Ventricular fibrillation is a cause of cardiac arrest and sudden cardiac death. The ventricular muscle twitches randomly rather than contracting in a coordinated fashion, so the ventricles fail to pump blood around the body. Because of this, it is classified as a cardiac arrest rhythm, and patients in V-fib should be treated with cardiopulmonary resuscitation (CPR) and prompt defibrillation. Left untreated, ventricular fibrillation is rapidly fatal as the vital organs of the body, including the heart, are starved of oxygen.

Ventricular fibrillation most commonly occurs within diseased hearts and is often due to underlying ischemic heart disease. Ventricular fibrillation is also seen in those with cardiomyopathy, myocarditis, and other heart pathologies. In addition, it is seen with electrolyte imbalance, overdoses of cardiotoxic drugs, and following near drowning or major trauma. It is also notable that ventricular fibrillation occurs where there is no discernible heart pathology or other evident cause. There are hereditary conditions that predispose individuals to developing ventricular fibrillation and sudden cardiac death.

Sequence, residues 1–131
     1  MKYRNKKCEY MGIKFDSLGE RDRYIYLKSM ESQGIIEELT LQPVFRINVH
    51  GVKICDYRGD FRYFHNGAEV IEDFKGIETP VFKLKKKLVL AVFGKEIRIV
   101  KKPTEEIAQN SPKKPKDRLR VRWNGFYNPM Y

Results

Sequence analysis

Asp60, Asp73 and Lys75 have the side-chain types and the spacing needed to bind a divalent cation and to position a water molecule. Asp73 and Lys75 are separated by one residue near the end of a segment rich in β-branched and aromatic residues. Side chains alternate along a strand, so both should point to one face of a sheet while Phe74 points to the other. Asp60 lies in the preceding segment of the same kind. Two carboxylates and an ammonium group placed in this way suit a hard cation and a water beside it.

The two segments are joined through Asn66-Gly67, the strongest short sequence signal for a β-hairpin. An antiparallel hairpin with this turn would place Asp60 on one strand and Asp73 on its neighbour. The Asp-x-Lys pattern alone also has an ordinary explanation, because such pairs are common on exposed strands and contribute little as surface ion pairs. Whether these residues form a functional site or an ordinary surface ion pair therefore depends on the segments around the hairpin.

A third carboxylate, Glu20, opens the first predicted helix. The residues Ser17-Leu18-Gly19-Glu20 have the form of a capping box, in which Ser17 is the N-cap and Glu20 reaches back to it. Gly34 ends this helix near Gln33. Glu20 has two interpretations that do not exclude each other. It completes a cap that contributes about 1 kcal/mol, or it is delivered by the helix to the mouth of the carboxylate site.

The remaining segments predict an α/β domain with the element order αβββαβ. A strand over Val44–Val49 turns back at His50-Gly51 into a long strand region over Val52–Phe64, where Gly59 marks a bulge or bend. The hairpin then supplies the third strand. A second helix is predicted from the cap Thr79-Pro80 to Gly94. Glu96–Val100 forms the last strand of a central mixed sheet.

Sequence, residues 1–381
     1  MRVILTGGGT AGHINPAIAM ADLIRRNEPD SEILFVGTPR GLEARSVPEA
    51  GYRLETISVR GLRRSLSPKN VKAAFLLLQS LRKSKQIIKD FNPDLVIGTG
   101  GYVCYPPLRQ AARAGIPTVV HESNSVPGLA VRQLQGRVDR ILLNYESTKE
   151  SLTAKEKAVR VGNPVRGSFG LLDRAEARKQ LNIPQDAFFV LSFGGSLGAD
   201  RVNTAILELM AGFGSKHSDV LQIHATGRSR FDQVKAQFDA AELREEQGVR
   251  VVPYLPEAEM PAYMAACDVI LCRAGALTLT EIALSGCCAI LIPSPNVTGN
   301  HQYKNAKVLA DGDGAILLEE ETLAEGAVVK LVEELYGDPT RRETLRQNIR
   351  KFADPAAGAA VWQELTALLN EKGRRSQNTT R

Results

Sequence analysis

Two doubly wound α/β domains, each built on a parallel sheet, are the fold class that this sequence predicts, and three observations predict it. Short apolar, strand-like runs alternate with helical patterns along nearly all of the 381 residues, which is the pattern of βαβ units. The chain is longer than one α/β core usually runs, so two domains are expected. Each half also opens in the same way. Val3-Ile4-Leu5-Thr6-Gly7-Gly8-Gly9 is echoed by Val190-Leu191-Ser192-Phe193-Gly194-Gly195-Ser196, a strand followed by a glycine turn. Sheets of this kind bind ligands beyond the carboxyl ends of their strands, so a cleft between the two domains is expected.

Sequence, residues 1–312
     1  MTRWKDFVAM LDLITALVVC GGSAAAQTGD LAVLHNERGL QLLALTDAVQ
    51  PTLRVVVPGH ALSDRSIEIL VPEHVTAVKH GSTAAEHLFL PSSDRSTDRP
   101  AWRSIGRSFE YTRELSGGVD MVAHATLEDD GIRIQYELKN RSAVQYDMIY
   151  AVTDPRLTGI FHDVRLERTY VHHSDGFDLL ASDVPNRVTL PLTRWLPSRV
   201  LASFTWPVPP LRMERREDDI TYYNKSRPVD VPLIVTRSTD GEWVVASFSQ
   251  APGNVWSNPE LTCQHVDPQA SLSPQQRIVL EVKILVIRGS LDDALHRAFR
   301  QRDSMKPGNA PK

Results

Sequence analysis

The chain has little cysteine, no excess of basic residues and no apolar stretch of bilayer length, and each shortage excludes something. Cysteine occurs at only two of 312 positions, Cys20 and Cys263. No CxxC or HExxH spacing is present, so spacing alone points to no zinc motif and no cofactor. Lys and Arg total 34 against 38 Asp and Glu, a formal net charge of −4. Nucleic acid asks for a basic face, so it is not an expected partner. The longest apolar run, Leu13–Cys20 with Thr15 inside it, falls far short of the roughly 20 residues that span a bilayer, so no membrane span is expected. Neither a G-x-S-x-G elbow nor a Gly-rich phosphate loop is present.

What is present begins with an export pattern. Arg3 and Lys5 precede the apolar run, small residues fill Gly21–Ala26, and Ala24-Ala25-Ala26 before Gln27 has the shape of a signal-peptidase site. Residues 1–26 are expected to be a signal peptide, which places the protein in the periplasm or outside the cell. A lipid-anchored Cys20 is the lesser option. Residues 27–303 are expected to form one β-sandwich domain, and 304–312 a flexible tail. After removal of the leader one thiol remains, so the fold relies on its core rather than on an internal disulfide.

cardiac arrest